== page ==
There’s nothing I like better than a further opportunity to demonstrate my award-winning photography and recipe-writing skills, and so when Caleigh the Gluten Freek’s challenge arrived in my in-box, I accepted within seconds. I know it’s similar to a previous contribution, but given both Nigel and Nigella called personally to congratulate me on that particular dish, I figured: why make drastic changes to an obviously winning formula?
So I’ll confess what sometimes narks me a bit about people’s responses to quinoa:
1. “But I don’t like it!”
You know, it doesn’t really taste of that much. It’s pretty bland, like other stuff you probably eat until you add flavour to it (rice, polenta etc) and while I’ve heard it described as ‘nutty’, I don’t really get that. It’s just another (sort of) grain – and one with a terrific nutritional / protein profile. If you think it tastes soapy – then rinse it with hot water (even more than once). Come on: learn to like it!
2. “It’s expensive!”
It’s £2.99 for 500g. That’s five or six meals. And South American farmers who grow it don’t get paid much, so it’s okay that it costs a bit more than, say, rice.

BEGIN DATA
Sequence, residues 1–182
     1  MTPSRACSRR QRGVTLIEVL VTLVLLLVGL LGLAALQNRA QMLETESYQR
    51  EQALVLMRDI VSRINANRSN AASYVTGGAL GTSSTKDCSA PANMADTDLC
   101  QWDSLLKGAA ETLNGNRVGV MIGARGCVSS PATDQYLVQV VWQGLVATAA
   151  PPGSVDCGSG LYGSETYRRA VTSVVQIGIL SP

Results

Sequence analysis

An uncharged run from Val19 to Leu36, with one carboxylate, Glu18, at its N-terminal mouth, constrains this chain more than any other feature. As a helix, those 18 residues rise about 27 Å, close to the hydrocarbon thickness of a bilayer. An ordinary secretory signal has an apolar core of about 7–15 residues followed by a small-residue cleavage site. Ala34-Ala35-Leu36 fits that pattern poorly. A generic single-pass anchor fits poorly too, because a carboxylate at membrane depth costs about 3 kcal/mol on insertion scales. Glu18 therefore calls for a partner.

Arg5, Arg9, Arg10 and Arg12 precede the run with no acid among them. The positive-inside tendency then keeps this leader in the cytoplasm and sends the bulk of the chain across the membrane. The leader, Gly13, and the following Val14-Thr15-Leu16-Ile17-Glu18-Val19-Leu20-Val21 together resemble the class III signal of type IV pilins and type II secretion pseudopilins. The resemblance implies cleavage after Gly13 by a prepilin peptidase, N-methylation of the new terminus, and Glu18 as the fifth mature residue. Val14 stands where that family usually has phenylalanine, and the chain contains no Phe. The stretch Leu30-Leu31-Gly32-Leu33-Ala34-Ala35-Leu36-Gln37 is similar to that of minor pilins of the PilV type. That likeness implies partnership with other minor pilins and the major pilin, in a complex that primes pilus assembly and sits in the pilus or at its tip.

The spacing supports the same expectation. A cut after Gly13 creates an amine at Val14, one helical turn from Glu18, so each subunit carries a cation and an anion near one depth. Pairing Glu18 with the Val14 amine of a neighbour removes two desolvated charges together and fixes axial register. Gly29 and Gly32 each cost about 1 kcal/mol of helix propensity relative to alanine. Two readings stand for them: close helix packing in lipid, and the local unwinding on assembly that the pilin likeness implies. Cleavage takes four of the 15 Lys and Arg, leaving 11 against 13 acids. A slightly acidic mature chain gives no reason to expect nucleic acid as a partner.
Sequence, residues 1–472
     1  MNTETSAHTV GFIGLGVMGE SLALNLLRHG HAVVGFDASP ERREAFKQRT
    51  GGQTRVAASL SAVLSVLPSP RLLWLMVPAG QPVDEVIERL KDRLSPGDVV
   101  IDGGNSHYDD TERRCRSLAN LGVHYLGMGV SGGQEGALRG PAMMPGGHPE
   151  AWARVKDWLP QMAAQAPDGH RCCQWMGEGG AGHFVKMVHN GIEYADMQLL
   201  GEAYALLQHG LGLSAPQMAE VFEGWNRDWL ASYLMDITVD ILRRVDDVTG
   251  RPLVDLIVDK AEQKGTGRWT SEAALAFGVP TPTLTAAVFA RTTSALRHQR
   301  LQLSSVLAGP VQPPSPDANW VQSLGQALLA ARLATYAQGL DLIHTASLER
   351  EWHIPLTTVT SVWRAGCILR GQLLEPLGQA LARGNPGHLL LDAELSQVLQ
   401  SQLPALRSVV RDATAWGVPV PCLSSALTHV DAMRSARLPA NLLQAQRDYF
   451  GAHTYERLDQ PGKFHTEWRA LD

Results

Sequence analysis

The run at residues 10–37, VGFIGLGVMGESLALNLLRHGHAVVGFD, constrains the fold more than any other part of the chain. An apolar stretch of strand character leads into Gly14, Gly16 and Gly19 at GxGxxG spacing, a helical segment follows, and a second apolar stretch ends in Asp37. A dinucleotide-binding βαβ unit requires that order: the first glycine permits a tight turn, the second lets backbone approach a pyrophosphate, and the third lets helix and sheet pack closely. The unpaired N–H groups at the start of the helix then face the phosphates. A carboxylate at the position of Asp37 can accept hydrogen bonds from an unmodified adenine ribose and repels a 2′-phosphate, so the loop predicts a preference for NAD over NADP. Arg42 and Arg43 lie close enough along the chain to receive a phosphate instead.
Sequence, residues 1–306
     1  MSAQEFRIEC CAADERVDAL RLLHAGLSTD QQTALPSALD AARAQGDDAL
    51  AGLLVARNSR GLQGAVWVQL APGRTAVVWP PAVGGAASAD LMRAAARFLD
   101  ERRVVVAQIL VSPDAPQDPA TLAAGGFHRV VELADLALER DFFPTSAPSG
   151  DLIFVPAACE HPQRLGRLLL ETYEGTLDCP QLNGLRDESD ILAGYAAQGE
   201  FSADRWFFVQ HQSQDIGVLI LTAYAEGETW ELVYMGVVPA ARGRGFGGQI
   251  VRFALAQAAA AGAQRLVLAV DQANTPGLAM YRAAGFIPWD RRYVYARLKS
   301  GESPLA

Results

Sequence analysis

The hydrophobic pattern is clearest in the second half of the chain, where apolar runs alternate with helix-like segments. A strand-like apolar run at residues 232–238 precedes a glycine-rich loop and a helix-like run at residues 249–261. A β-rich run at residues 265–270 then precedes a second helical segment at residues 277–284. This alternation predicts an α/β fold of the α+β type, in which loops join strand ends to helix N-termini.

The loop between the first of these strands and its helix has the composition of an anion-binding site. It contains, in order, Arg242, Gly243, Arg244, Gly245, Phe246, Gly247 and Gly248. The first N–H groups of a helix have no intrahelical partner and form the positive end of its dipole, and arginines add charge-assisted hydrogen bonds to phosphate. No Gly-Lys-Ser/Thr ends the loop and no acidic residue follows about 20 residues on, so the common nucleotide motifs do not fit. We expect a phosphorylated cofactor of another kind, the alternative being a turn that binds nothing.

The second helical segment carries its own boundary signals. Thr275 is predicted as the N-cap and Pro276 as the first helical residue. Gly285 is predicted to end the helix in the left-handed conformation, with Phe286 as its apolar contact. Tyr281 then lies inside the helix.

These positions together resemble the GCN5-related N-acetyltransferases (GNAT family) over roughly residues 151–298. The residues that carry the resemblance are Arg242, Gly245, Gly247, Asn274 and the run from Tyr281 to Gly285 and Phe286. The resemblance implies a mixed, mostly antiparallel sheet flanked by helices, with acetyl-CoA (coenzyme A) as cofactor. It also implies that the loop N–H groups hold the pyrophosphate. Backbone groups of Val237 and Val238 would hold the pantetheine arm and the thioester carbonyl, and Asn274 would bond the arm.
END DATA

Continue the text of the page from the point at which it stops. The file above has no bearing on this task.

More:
3. “It’s middle class!”
Grr. Go to Bolivia and see whether it’s middle class. (Obviously I have done this.) I hate the notion of food having class – this philosophy is a British invention: can’t we let it go?
So the challenge was a gluten-free meal for £1.
Ingredients for 2:
* 200g of Quinoa (£1.20 ish)
* 4 or 5 green outer leaves of Savoy, 1 big leek, some ripe tomatoes (80p ish)
* Olive oil, lime, garlic, vegetable stock, dried herbs, salt, sugar, pepper (free-ish in cupboard)
1. Fry the sliced leek in oil till soft.
2. Add shredded Savoy and garlic.
3. Throw in chopped tomatoes.
4. Add rinsed quinoa.
5. Add vegetable stock (I cheated and added a couple of teaspoons of bouillon powder and then water as I need it as quinoa is cooking.)
6. Add a big tablespoon or two of dried herbs of your choice, and then salt (tiny amount), a little sugar (the Savoy can be bitter, but if your tomatoes are sweet you may not need it), pepper (lots really works, the quinoa can take it) if you like.
7. Cook until … cooked.
8. Squeeze of lime atop. I like lots.
9. Rest (excess fluid will absorb).
Vegan and GF!
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I have to admit to being someone who wrote off quinoa as expensive. I have eaten my words, and very soon I shall eat this quinoa dish!
Well … I guess it is a bit pricier than average… but I think my point is we're often happy to spend money on *some* dearer foods – eg cheeses – but not on something like grain, which we just expect to be cheap. It's worth it!
this looks delicious 🙂
Ta, Sarah 🙂